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1.
  • Rands, Chris M., et al. (författare)
  • Insights into the evolution of Darwin's finches from comparative analysis of the Geospiza magnirostris genome sequence
  • 2013
  • Ingår i: BMC Genomics. - 1471-2164 .- 1471-2164. ; 14, s. 95-
  • Tidskriftsartikel (refereegranskat)abstract
    • Background: A classical example of repeated speciation coupled with ecological diversification is the evolution of 14 closely related species of Darwin's (Galapagos) finches (Thraupidae, Passeriformes). Their adaptive radiation in the Galapagos archipelago took place in the last 2-3 million years and some of the molecular mechanisms that led to their diversification are now being elucidated. Here we report evolutionary analyses of genome of the large ground finch, Geospiza magnirostris. Results: 13,291 protein-coding genes were predicted from a 991.0 Mb G. magnirostris genome assembly. We then defined gene orthology relationships and constructed whole genome alignments between the G. magnirostris and other vertebrate genomes. We estimate that 15% of genomic sequence is functionally constrained between G. magnirostris and zebra finch. Genic evolutionary rate comparisons indicate that similar selective pressures acted along the G. magnirostris and zebra finch lineages suggesting that historical effective population size values have been similar in both lineages. 21 otherwise highly conserved genes were identified that each show evidence for positive selection on amino acid changes in the Darwin's finch lineage. Two of these genes (Igf2r and Pou1f1) have been implicated in beak morphology changes in Darwin's finches. Five of 47 genes showing evidence of positive selection in early passerine evolution have cilia related functions, and may be examples of adaptively evolving reproductive proteins. Conclusions: These results provide insights into past evolutionary processes that have shaped G. magnirostris genes and its genome, and provide the necessary foundation upon which to build population genomics resources that will shed light on more contemporaneous adaptive and non-adaptive processes that have contributed to the evolution of the Darwin's finches.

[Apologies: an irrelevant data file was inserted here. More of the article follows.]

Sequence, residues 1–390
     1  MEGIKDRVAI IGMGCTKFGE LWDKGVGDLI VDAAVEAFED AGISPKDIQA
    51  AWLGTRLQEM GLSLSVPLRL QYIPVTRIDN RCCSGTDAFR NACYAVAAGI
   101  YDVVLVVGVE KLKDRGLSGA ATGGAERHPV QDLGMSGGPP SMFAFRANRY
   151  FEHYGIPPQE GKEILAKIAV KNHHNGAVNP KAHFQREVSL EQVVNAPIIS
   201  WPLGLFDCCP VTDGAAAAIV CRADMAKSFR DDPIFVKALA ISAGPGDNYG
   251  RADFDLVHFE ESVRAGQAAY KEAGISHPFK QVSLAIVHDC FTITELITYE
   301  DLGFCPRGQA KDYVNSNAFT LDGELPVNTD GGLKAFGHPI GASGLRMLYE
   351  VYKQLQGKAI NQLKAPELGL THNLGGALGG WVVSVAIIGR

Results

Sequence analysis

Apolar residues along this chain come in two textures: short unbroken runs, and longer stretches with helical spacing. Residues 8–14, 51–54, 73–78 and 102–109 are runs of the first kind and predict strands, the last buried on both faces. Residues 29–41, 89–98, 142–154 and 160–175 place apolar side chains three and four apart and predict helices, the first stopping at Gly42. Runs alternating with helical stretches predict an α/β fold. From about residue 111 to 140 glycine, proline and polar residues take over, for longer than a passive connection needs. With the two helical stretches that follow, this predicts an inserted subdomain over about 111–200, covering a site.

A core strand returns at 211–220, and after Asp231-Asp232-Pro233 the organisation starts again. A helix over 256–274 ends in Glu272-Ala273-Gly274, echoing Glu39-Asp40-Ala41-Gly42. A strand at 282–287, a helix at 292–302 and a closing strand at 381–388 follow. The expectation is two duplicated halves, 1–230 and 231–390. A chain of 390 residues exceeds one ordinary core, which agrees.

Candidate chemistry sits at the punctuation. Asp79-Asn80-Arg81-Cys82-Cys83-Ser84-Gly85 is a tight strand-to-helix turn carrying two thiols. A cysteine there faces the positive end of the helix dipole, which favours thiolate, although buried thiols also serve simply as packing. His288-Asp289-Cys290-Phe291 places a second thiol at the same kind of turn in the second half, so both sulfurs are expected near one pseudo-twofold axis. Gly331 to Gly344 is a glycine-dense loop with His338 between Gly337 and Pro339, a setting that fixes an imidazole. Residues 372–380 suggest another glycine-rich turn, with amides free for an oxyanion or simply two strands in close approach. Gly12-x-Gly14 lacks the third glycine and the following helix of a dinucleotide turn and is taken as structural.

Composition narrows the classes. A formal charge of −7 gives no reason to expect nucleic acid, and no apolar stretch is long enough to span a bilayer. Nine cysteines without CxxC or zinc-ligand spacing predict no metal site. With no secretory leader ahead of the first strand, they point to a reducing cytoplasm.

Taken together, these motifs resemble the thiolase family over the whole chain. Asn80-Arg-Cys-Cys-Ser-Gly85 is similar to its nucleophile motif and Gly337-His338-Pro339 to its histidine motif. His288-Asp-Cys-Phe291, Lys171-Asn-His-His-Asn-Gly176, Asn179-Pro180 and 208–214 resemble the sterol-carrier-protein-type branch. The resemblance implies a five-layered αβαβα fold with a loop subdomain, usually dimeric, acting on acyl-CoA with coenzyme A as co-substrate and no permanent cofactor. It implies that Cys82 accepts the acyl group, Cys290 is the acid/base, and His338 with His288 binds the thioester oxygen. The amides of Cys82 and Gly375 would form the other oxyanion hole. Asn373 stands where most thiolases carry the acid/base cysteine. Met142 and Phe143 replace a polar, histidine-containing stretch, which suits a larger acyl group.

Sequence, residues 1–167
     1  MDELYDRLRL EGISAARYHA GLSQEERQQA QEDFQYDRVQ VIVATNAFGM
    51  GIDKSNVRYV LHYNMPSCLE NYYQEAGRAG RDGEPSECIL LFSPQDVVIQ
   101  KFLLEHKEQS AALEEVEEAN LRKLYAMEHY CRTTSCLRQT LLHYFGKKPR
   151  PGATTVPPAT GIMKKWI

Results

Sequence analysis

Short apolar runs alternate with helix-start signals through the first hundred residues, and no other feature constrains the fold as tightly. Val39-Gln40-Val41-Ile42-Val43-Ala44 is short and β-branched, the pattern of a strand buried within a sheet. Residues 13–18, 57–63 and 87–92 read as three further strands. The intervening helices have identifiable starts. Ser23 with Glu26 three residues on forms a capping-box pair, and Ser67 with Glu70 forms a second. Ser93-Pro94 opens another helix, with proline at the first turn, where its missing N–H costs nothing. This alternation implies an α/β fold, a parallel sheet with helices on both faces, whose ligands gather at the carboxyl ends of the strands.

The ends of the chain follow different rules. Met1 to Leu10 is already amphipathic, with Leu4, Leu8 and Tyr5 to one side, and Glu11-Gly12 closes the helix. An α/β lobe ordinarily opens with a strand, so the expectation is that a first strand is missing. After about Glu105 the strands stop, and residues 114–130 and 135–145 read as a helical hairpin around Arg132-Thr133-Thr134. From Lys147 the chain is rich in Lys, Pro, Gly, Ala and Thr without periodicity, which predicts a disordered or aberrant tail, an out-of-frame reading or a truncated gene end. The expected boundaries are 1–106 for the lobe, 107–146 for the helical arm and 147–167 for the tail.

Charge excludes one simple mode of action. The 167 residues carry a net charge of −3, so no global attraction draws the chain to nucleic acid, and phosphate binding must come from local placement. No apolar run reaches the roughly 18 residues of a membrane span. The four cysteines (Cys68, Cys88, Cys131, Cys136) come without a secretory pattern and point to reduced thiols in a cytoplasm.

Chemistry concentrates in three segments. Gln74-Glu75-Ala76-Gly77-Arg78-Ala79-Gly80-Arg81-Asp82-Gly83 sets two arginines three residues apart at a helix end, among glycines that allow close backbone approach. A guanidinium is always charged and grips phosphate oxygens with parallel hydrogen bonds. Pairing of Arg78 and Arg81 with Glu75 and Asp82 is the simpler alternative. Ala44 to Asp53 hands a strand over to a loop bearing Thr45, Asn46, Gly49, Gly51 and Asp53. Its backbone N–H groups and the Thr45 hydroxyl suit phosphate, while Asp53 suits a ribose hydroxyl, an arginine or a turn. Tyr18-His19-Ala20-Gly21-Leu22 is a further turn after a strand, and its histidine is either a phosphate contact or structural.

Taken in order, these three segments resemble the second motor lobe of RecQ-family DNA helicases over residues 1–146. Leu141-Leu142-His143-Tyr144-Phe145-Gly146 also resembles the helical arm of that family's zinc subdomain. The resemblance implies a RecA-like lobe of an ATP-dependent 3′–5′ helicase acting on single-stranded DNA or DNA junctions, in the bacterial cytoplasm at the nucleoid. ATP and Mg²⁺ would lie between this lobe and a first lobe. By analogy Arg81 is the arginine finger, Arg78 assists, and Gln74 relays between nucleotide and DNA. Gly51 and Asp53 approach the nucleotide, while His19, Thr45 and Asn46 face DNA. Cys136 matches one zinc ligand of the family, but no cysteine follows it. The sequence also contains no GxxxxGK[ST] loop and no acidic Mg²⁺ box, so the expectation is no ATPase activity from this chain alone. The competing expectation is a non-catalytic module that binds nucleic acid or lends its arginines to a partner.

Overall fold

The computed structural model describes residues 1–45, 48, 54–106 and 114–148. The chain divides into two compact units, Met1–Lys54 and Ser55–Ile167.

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2.
  • Suen, Garret, et al. (författare)
  • The genome sequence of the leaf-cutter ant Atta cephalotes reveals insights into its obligate symbiotic lifestyle
  • Ingår i: PLoS Genetics. - : Public Library of Science. - 1553-7404. ; 7:2
  • Tidskriftsartikel (refereegranskat)abstract
    • Leaf-cutter ants are one of the most important herbivorous insects in the Neotropics, harvesting vast quantities of fresh leaf material. The ants use leaves to cultivate a fungus that serves as the colony's primary food source. This obligate ant-fungus mutualism is one of the few occurrences of farming by non-humans and likely facilitated the formation of their massive colonies. Mature leaf-cutter ant colonies contain millions of workers ranging in size from small garden tenders to large soldiers, resulting in one of the most complex polymorphic caste systems within ants. To begin uncovering the genomic underpinnings of this system, we sequenced the genome of Atta cephalotes using 454 pyrosequencing. One prediction from this ant's lifestyle is that it has undergone genetic modifications that reflect its obligate dependence on the fungus for nutrients. Analysis of this genome sequence is consistent with this hypothesis, as we find evidence for reductions in genes related to nutrient acquisition. These include extensive reductions in serine proteases (which are likely unnecessary because proteolysis is not a primary mechanism used to process nutrients obtained from the fungus), a loss of genes involved in arginine biosynthesis (suggesting that this amino acid is obtained from the fungus), and the absence of a hexamerin (which sequesters amino acids during larval development in other insects). Following recent reports of genome sequences from other insects that engage in symbioses with beneficial microbes, the A. cephalotes genome provides new insights into the symbiotic lifestyle of this ant and advances our understanding of host-microbe symbioses.
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